Even gold is no guarantee to hold value when bloated government currencies compete as to which one can inflate the most. The current problems facing some of the eurozone’s member states means that, paradoxically, the price of gold may fall as people cash in their assets. Elsewhere, one notes the performance of the US government in announcing a “spending freeze” which does not include 87% of federal government outgoings or the unspent hundreds of billions from last year’s stimulus bill. A good account of the problems in Europe can be found here and the Cato Institute has a report on the US “spending freeze” here.
However, it seems all too likely that at some point the futility of swapping euros for dollars and back will become clear as the demented game of paying one credit card bill with another credit card. At that point, tangible assets will become the targets of panic-stricken investors, destabilizing such stores of value as gold or land.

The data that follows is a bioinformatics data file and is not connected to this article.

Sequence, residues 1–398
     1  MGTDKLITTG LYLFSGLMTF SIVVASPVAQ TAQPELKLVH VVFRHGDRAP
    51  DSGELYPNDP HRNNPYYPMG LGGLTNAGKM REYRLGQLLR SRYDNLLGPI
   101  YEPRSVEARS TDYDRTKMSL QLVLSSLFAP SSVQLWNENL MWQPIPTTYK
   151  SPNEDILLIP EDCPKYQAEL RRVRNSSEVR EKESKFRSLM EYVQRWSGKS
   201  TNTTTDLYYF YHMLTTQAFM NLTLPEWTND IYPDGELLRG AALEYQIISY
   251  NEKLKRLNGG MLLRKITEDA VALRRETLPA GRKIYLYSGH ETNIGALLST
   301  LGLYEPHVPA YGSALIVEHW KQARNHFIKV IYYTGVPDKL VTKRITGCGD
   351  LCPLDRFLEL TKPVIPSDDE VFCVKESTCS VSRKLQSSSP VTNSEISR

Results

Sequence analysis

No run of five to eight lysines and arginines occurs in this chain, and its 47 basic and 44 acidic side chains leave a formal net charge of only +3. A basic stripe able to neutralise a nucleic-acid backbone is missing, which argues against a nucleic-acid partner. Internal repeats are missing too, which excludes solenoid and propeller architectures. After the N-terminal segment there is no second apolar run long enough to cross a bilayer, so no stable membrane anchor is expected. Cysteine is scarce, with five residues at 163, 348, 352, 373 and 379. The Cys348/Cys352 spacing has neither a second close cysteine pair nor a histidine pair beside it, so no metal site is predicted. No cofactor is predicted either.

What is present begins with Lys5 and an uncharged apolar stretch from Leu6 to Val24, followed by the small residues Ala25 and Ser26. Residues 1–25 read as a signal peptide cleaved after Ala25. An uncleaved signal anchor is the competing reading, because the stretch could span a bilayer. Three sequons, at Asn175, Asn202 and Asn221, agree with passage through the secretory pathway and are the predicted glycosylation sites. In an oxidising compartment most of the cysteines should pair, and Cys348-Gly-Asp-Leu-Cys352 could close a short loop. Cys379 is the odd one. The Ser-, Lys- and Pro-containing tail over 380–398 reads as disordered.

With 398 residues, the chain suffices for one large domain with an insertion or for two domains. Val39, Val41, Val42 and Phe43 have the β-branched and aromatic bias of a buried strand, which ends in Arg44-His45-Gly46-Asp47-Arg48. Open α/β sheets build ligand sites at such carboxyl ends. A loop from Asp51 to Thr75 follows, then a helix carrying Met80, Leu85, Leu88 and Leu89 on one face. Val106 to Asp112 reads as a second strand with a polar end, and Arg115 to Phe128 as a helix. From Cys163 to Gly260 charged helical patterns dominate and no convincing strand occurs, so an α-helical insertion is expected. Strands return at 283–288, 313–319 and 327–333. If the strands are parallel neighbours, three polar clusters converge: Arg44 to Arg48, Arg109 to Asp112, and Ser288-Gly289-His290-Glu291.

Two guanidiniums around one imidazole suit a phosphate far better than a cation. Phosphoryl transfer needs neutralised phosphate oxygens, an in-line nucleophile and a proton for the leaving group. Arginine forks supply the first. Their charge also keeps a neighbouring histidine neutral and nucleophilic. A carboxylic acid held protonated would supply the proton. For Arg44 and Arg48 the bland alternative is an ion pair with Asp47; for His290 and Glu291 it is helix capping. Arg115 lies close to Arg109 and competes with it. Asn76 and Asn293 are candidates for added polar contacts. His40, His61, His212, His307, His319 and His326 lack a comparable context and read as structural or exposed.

To an individual or small business caught in this disaster, it will be like watching giants fighting in a sandbox, not caring who they tread on. It may seem odd for some to hear a humanitarian plea for sound money, but anyone who has ever seen a 1923 “5 tausend Mark” postage stamp overprinted to make it a “2 millionen Mark” stamp will have some idea of the nightmare that inflation threatens, especially to anyone on a fixed income. A few weeks after the stamp you see was issued, 50 billion Mark stamps were being issued and a loaf of bread cost over 300 billion Marks.